Superscript and Subscript Characters in General Use
charupdate at orange.fr
Wed Jan 4 17:36:49 CST 2017
On Wed, 04 Jan 2017 12:20:14 -0700, Doug Ewell wrote:
> Marcel Schneider wrote:
> > This is because even complemented with UAXes and TRs, the Core
> > Specifications cannot cover the whole practice. It seems that to stay
> > inside reasonable limits, a significant number of usage cases have
> > been left out, e.g. the mentioned use of plain text for styled custom
> > vulgar fractions is a recognized practice, but stays persistently
> > excluded from TUS.
> I don't understand the relevance to vulgar fractions.
Vulgar fractions represented using super- and subscript digits around the
FRACTION SLASH U+2044, that kerns, are one example illustrating superscript
and subscript characters in general use. It is cited because it is the subject
of a Microsoft Community wiki that is well referenced on the web:
I recall again that when I launched the related 2015 thread, I was ignoring
this page, until close to the end of the thread, when I found and shared the
link. Vulgar fractions rather than mathematical fractions due to the slant of
the fraction slash. (Though the so-called VULGAR FRACTIONs can be displayed
with an horizontal bar, as TUS and Doug state (below).
> Much of this thread has dealt with Basic Latin characters that have no
> superscript or subscript clones, and how their absence prevents certain
> passages from being representable in plain text. This is your basic
> debate over what constitutes plain text.
There was indeed a concern about what performance to recognize to plain text.
But that had been settled to the extent that Unicode does not sustain attempts
to fully represent styled mathematical expressions, but that a set of preformatted
alphabets should be completed: superscripts lowercase (q) and uppercase,
subscripts lowercase, and small caps (that take the place of subscript capitals).
Now Iʼm advocating the recognition of the re-use of existing modifier letters
instead of new or newly modified superscripts, as well as the demand for ordinal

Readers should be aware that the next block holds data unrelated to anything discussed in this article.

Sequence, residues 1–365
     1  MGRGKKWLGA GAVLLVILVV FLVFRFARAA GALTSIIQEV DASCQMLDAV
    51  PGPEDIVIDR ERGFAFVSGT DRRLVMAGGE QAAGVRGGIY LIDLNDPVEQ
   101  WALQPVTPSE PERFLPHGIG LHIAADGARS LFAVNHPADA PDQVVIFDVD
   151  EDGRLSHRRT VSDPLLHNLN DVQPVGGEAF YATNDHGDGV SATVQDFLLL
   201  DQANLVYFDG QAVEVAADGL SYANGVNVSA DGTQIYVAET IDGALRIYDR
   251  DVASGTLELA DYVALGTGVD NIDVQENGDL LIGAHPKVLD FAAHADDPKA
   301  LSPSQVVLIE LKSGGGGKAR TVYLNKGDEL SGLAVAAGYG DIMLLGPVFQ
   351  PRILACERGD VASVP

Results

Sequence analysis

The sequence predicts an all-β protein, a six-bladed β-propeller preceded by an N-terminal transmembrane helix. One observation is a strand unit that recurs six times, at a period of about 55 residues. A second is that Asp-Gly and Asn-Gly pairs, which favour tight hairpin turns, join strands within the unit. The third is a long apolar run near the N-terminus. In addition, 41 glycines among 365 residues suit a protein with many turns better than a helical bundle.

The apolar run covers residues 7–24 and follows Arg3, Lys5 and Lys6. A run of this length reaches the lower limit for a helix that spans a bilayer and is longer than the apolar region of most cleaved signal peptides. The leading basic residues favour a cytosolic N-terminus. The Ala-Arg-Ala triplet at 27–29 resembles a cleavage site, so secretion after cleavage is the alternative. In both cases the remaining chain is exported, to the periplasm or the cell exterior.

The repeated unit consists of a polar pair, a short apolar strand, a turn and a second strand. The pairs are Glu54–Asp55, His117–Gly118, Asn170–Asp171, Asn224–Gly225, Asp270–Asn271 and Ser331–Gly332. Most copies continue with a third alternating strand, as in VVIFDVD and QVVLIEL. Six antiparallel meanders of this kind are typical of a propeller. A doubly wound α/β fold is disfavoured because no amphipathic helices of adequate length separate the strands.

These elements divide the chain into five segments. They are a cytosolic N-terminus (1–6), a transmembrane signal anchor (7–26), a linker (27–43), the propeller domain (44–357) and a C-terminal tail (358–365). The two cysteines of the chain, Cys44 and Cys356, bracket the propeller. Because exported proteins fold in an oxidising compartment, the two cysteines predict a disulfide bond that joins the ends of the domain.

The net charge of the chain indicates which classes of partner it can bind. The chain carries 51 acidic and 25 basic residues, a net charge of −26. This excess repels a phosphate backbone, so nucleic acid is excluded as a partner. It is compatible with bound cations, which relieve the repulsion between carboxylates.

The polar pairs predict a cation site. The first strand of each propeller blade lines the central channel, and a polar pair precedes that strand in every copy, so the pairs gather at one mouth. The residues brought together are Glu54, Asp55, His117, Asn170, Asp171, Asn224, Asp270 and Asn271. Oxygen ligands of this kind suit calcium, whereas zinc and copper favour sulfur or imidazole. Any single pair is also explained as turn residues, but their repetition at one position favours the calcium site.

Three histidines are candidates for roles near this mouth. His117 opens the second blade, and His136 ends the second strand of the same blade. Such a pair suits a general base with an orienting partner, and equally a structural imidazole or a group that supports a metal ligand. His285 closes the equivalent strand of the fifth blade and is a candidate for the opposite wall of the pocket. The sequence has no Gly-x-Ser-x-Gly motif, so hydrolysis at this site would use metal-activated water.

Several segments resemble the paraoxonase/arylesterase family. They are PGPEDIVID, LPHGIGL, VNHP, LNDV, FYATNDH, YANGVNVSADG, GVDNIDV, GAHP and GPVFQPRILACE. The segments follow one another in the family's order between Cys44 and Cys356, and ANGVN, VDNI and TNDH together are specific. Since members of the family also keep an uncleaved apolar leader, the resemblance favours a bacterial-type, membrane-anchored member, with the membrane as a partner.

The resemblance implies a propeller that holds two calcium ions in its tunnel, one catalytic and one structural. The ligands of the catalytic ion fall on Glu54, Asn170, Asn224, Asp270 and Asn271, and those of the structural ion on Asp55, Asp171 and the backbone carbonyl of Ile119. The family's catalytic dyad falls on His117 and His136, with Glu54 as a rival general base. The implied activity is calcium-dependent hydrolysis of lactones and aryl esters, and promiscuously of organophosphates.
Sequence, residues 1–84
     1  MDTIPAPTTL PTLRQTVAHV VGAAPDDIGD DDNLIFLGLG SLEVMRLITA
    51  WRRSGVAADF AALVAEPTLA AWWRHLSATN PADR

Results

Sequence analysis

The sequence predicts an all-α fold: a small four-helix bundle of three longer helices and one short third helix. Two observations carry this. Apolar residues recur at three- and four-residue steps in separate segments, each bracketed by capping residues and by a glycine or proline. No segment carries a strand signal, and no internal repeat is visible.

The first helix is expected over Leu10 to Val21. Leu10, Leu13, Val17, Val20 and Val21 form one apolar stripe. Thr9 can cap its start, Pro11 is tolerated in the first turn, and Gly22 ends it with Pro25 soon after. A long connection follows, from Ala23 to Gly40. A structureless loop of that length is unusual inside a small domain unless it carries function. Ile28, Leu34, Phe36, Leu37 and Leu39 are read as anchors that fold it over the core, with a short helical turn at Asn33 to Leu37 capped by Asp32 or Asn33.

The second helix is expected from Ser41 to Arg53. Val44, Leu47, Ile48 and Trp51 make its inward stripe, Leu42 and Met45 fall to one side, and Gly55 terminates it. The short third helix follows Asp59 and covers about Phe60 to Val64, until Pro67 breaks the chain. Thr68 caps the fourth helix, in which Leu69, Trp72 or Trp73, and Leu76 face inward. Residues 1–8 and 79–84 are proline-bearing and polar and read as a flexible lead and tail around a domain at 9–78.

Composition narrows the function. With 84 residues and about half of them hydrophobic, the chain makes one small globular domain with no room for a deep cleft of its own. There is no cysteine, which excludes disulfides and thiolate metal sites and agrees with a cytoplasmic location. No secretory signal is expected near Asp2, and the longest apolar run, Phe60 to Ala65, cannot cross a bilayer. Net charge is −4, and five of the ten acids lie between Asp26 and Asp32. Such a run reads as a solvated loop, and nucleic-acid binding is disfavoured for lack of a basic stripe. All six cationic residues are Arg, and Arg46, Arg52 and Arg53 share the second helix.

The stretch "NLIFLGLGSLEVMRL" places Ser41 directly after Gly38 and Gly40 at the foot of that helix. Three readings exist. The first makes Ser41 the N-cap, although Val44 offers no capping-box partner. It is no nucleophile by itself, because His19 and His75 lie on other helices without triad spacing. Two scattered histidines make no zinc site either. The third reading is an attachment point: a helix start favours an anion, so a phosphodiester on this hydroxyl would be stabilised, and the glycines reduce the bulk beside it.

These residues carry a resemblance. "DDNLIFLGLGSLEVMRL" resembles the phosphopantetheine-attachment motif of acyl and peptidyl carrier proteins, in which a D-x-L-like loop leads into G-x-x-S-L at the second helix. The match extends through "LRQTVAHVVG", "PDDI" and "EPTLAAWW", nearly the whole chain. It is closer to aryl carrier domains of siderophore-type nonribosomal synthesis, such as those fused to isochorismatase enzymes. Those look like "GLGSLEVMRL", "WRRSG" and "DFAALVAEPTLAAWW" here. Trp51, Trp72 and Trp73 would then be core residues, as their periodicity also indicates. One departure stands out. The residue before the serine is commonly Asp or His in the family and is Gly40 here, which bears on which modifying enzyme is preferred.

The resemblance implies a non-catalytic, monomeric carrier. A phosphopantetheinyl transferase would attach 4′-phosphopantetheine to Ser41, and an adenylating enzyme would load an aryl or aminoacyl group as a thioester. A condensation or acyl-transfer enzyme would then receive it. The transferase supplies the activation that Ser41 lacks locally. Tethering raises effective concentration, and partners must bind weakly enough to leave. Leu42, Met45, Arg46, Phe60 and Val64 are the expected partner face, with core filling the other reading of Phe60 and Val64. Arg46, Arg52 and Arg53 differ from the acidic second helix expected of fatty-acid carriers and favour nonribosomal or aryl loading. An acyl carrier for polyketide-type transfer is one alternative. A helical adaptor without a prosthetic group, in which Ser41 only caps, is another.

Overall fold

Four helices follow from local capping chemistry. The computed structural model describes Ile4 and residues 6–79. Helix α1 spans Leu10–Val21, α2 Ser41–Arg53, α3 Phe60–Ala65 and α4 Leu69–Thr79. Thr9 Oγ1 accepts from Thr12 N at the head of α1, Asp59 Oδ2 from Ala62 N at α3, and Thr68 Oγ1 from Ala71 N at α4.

indicators in French.
> As explained in the July 2015 thread about vulgar fractions, TUS
> sections 6.2 and 22.3 thoroughly explain the use of U+2044 FRACTION
> SLASH with normal "Nd" digits. If I want to write "ninety-nine and
> forty-four one-hundredths," with the non-precomposed vulgar fraction, I
> can write "99 44⁄100" and be fully compliant with the Standard. This
> has nothing to do with what is and isn't plain text.
This and the spelling with SOLIDUS are referred to as fallback. What I
complain of as not mentioned in the Standard, is that U+2044 can be used
with superscript and subscript digits, rather than ASCII digits. The kerning
of the FRACTION SLASH makes it fit for this use case, and in certain high-end
fonts, especially Arial Unicode MS, the result is fully identical to precomposed
fractions. This all is plain text. What isnʼt, is the use of U+2044 as a format
control, as specified in that part of the Standard. High-end software is meant
to automatically apply fraction styling when U+2044 is detected between digits.
> The fact that many current rendering systems can't render this correctly
> is an implementation matter, though a hard-to-fix one. (Note that the
> fallback display is perfectly readable and correct, unless you see a box
> for U+2009.)
Agreed. Here the use of superscript and subscript digits is not indispensable
to the readability. In this case, their availability constitutes a facility
for better representation—even in plain text.
> The fact that TUS doesn't sanction the use of U+2044 with superscript
> and subscript digits, which I imagine Marcel was alluding to, is
> irrelevant. TUS is a character encoding standard, not a glyph encoding
The distinction between baseline digits and superscript/subscript digits
is in my opinion not a glyphic issue, since in Unicode they all are available
as distinct characters.
> If Marcel is talking about distinguishing between horizontal and
> diagonal slashes in vulgar fractions, this is still not a question of
> plain text. However, in the emoji era, this type of presentation
> variation has become something that Unicode cares about, and so it might
> be handled in some way in the future, such as with a variation selector.
> I suspect this mechanism has been "excluded from TUS" because it doesn't
> yet exist.
I’m not talking about this, and I donʼt miss it in Unicode. Some fonts might
have horizontal fraction bars. However, such a variation selector could be
The plain text custom fractions are IMO a good example of the re-use of
superscript and subscript characters. More, I thought that the fraction
slash had been encoded to work with them, until I learned in TUS that this
was not intended. The 2015 thread brought up that the observed synergy is
due to an initiative of the font designer(s). The fact that this happened
in a font that claims conformity to the Standard, seems to me non-trivial.
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